and foremost emphasize collaboration—we want to be entrepreneurial and innovative because that is what we truly owe to our students and our community.”


The university’s strategy for the next three years is “EMPOWER,” which will focus on its essential resources—one of them being human resources.

KEY PERSONNEL Dr. David Hopkins President

“We need to continue to develop the workforce knowledge to improve understanding and overall health,” said Shari Mickey-Boggs, Associate Vice President & Chief Human Resources Officer at Wright State. “Data, wellness and communication are all key elements— we need to communicate in a transparent manner so our workforce understands our goals, the costs involved, drivers for change, as well as the pursuit (or maintenance) of a healthy lifestyle.”

Dr. Mark Polatajko, CPA Vice President, Business and Finance/CFO Shari Mickey-Boggs Associate Vice President & Chief Human Resources Officer NUMBER OF EMPLOYEES 2,820

Wright State has provided benefits to continuing employees of 51% or greater for a long time. Currently, the university is addressing issues that have risen from the Affordable Care Act and affected Wright State’s contingent and non-continuing part-time workforce.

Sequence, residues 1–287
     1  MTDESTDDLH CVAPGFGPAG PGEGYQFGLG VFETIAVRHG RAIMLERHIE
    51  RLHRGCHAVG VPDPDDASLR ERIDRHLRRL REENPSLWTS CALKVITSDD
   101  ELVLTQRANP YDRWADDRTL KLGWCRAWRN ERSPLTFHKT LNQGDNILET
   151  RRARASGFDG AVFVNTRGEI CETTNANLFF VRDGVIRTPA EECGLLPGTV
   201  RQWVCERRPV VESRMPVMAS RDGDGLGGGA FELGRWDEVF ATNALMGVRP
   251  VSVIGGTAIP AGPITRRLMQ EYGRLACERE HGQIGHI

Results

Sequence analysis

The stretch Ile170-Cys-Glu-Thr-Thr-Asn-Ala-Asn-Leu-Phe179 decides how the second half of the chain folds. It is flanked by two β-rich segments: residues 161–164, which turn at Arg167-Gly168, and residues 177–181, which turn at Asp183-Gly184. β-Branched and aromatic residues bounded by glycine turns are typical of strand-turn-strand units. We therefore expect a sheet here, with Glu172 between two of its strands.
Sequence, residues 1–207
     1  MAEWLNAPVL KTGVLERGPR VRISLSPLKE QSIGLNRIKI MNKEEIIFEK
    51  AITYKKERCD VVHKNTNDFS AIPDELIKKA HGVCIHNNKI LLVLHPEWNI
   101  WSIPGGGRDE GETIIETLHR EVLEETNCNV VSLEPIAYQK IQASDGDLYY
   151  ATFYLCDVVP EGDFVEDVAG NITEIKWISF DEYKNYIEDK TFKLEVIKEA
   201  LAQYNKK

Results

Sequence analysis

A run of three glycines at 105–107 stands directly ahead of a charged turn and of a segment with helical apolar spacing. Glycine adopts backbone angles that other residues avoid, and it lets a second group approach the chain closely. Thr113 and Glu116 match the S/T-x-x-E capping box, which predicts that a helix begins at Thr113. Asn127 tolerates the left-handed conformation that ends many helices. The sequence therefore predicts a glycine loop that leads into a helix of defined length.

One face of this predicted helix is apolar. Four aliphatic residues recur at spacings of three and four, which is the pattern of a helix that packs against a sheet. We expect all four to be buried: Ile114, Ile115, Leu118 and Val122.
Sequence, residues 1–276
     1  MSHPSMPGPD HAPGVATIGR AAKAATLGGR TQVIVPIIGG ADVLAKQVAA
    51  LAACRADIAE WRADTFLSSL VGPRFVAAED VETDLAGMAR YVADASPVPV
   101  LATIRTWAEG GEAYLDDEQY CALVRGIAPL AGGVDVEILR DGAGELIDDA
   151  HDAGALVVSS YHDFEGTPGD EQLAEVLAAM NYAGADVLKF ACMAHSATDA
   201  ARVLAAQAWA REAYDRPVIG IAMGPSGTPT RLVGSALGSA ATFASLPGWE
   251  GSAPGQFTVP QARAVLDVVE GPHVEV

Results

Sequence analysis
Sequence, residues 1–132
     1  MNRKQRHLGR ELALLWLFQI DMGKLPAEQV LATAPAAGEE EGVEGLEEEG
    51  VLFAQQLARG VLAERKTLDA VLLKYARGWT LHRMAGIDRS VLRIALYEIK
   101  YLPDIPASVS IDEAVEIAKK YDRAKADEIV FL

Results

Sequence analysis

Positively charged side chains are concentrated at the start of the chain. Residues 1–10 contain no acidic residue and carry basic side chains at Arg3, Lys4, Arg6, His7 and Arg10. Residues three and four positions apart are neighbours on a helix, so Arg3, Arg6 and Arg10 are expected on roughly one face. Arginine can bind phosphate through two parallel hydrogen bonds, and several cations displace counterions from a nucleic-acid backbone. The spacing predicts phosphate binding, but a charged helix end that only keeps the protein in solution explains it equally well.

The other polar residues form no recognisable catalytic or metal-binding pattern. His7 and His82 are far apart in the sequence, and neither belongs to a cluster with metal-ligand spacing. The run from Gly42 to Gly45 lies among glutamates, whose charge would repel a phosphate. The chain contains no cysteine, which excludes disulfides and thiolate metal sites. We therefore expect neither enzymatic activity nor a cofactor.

“HORAN has helped us move from transactional to strategic in terms of

40% of Wright State University students are the first in their families to earn a college degree. The “Rise.Shine.” campaign will support three priority areas—students, academic excellence and facilities. “Our values are our people, learning, partnerships, relationships, sustainability and stewardship,” said Polatajko. “We first

2000 First ArtsGala is held.

2005 Wright State receives largest private gift to date, $28.5 million, enabling Boonshoft School of Medicine to expand facilities, fund scholarships, accelerate research and develop programs in global health and geriatric medicine.

how we plan and manage our employee benefits as it relates to health care,” said Polatajko. “HORAN is an exceptional strategic partner; we couldn’t be happier with the level of service and commitment they have dedicated to us.”

2006 Joshi Research Center, with its state-of-theart R.C. Appenzeller Visualization Lab, opens.

Shari Mickey-Boggs Dr. Mark Polatajko, CPA, Vice President, Business Associate Vice President & Chief Human and Finance/CFO Resources Officer

2009 Named Military Friendly School by GI Jobs and Military Advanced Education; Best Business Schools by The Princeton Review; President’s Higher Education Community Service Honor Roll; and America’s Best Colleges by Forbes.

2013 Groundbreaking is held for Neuroscience Engineering Collaboration (NEC) Building, a new model for collaborative research and development.

2014 Rise. Shine. The Campaign for Wright State University is formally launched.

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HORAN Quarterly Magazine Winter 2015  

HORAN Quarterly Magazine